What makes a GoPro such great fun is it all but begs you to think of odd things to attach it to, hoping to discover something cool. Which is exactly why I strapped it to my snow shovel before going out to clear the driveway after our recent snowstorm. The results are fairly giggle inducing.
I am not the neatest person you'll ever meet. Growing up, my mother was perpetually exasperated with my slovenly ways. Looking back with the experience of being a parent, I can't really blame her. She used to say that I'd eventually meet a wonderful woman who would be appalled at my pig sty house keeping style. Well the joke was on her. I met a woman who was my equal in being a slob. Turns out that's probably more annoying for me.
I don't want to be a slob. I'd like the house to be a whole lot cleaner and more organized. For one thing, I don't want my kids thinking that this is the way to conduct your household. But on a more practical level, I want the house under control so that it doesn't exist as a continual impediment to doing things I want to do. Let me give you an example. I'm a big fan of the web show Film Riot. It's consistently funny and a wealth of information for aspiring filmmakers. Those guys use their home as their studio. I can't do that without spending a couple days cleaning first.
That was really hammered home for me after I bought the GoPro. The lens on it is so insanely wide that you can't hide anything from it. I held it over my head in the living room and it showed me three entire walls, a piece of the fourth, the ceiling, the floor and my feet. Yikes. Every bit of disaster was easily visible. Not good.
For a few weeks I've been slowly trying to change my ways, cleaning a small section of the house at a time and then giving myself rules to make sure it stayed that way. I spent a huge chunk of Sunday cleaning my desk. Embarrassingly, I filled an entire garbage bag and the recycling bin from what came off the desk. It started when I went looking for my small tripod to mount the GoPro. It wasn't in my camera bag as expected, which meant the next most likely spot was the desk. Excavation began immediately. The desk is now relatively clean if a bit cluttered. But there's not a lot I can do about that since my collection of cameras and gear are always going to be at my fingertips here. What's gone is the towering pile of crap that kept those things from being easily accessed in spite of being close by.
Now it's off to try and put down at least a couple pages more in Hive before bedtime.
I am an insomniac. That's been true for as long as I can remember. This will not be a complaint about insomnia, just a few thoughts on it.
Anyone that talks to me in person for more than a few minutes tends to figure out that I don't sleep much. It's not that I try to broadcast this information. It's just that the math becomes apparent on my activities and it just doesn't jibe with normal sleeping patterns. And that leads to a lot of questions about not sleeping. Which is always followed by advice meant to be helpful but actually succeeds only in being a bit annoying to me. So if you're reading this and thinking to yourself that you've got the cure for me, stop. I don't want to hear it.
The truth is that I understand my insomnia just fine. Having trouble getting to sleep is not a mystery to me in any way. I know why it happens and a lot of ways to control it. The reason that insomnia continues to be a major force in my life is that I let it seduce me. Over and over again I let myself be sucked into the patterns that lead to sleepless nights and foggy headed days.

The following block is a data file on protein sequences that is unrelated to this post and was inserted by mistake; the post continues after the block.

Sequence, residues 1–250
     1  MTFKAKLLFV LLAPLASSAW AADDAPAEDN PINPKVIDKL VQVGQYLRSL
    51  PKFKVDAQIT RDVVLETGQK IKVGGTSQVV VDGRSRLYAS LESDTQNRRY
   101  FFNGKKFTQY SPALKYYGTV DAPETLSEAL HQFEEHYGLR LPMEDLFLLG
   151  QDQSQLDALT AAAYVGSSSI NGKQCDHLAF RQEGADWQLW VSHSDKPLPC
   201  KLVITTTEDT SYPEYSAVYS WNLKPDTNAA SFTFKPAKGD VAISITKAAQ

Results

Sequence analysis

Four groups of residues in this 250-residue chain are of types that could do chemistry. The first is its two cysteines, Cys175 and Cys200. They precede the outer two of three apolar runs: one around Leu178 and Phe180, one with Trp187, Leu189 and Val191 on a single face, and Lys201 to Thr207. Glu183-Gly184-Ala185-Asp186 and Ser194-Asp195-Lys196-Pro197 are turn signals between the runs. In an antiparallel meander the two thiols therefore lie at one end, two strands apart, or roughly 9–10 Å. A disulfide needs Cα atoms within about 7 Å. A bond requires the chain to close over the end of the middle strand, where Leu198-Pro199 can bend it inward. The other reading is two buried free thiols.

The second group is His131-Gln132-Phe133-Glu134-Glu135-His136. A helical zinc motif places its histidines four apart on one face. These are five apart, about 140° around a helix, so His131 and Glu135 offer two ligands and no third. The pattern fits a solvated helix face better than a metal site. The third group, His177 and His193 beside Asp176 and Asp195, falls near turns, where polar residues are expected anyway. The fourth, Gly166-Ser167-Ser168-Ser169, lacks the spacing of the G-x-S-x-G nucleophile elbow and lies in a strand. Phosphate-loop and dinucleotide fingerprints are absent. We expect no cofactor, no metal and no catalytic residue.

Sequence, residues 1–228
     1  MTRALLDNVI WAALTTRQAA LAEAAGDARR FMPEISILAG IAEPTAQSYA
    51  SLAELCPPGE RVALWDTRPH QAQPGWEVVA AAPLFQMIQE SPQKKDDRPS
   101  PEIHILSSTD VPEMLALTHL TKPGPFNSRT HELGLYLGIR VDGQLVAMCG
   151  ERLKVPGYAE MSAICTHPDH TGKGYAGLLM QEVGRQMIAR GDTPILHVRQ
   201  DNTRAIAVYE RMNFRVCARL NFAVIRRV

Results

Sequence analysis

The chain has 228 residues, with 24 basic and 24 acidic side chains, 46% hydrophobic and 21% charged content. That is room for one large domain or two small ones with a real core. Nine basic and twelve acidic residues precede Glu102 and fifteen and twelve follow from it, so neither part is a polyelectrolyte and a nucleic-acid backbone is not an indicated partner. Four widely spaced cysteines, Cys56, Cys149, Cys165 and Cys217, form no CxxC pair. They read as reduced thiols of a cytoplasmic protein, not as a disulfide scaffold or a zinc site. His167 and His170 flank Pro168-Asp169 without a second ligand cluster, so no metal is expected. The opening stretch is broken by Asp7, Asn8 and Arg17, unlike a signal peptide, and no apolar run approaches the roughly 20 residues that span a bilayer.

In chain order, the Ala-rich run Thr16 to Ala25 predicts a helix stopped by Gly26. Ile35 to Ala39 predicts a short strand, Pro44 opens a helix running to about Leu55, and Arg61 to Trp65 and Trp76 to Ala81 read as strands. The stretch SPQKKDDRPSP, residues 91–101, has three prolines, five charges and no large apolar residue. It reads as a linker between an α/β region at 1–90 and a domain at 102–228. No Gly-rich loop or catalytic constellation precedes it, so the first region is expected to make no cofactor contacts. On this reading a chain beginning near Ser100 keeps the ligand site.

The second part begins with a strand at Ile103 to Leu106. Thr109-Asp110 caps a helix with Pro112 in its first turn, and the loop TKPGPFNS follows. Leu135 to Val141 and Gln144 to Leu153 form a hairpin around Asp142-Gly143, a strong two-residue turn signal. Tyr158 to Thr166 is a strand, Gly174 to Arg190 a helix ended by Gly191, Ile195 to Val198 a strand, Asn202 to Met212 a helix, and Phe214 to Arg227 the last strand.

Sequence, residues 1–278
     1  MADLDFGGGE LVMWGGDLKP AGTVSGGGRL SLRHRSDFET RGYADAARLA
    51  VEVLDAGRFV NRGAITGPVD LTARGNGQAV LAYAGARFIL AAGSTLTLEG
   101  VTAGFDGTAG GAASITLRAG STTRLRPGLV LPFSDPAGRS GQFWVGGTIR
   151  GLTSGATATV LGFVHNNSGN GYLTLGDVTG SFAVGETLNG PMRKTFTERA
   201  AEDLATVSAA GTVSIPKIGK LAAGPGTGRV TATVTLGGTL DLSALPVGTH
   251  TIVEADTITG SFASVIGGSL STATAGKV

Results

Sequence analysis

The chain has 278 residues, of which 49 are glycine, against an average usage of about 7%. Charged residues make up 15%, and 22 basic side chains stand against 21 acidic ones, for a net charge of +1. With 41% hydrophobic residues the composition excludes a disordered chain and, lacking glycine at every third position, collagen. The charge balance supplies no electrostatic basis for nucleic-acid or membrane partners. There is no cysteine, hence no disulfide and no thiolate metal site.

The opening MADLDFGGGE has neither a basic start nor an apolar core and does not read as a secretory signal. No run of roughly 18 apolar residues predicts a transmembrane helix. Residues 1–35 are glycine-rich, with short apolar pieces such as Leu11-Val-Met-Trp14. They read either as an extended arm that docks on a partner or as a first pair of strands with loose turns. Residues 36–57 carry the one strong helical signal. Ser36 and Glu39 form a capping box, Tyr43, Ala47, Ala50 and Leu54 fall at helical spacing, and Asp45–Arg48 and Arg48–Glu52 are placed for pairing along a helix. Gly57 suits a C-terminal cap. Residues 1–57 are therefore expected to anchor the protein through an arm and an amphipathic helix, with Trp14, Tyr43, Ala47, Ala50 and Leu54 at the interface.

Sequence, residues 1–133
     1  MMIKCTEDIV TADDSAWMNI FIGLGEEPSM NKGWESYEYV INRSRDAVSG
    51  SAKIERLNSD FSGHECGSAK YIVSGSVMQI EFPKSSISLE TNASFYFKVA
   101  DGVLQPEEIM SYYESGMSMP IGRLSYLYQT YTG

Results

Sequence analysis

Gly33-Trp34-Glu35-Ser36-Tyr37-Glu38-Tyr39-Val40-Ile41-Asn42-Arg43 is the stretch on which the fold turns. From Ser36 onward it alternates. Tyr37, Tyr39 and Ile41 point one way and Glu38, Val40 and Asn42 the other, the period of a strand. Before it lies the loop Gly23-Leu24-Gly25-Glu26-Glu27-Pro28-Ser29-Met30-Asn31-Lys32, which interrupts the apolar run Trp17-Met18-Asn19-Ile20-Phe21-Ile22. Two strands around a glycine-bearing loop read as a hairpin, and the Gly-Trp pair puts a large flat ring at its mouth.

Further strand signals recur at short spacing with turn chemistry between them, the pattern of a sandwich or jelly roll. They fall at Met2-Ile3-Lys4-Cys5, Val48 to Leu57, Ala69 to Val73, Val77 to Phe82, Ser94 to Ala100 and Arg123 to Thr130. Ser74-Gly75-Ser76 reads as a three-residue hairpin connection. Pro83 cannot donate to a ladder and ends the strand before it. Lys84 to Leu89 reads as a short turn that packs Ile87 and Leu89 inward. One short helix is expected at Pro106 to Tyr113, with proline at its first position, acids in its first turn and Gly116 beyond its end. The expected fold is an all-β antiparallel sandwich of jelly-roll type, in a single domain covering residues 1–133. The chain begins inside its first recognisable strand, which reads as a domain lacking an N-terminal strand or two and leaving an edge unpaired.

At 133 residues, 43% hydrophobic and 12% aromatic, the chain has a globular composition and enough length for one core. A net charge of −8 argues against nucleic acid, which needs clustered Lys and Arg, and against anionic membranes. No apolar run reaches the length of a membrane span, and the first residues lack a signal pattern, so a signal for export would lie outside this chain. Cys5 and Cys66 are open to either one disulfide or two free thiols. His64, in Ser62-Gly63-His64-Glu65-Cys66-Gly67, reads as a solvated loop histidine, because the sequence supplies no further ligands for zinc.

I don't sleep because my brain is never quiet. I was probably well into my thirties before I realized that this wasn't normal. I'd ask my wife what she was thinking and she would shrug and say "Nothing." And then I would begin to badger her. "No, really. What are you thinking?" I would ask in conversation that would loop back on itself again and again as I tried pry that secret out of her. The notion that she really wasn't thinking of anything was incomprehensible to me. It's simply never true of my mind.
I have constant political debates rolling around in my brain. Those give way to thoughts of movies, which turn into attempts to detail the career of a particular director, which slides into how a trade the Mets made back in 1992 ended an era for the team and created disarray that would need years to settle, which reminds me of an economics course I took back in college, which turns into an internal debate on how badly politicians understand economics and suddenly I'm back into politics. It's like that all the time. The details shift constantly. It could just as easily have to do with music, gardening and photographic technique. Or cars, jobs I've held and plans for what to do should I win the lottery. Constant mental chatter. Let's see you try and get to sleep with that racket going on.
I've suspected for years that I have ADHD. But I've never bothered to talk to a doctor about it and try out medicines to combat it. Why would I? This is who I am. That noise in my brain defines who I am. Without it I'd be lost. One of the reasons that I've gravitated toward writing is that I can point my brain at something and let it tear the topic apart and put it back into something useful. Aiming is tricky but I've gotten better at it over the years. When you can harness it a bit, it becomes a powerful tool.
And this is where it relates to sleep. By nature, I start my days pretty slowly. It's like my brain is powered by vacuum tubes that have to warm up a bit before they work properly. My wife has long standing instructions not to tell me anything important in the first couple hours after I get up. The odds that I'll remember that later in the day are poor at best. As the day goes on, my brain heats up and hits full stride just about the time that most people are starting to think about bed. That's when I do my best work. Now, if I really want to sleep, I could follow a certain routine and have a reasonable chance of getting to sleep when I need. But that would require sacrificing the most fertile part of my day.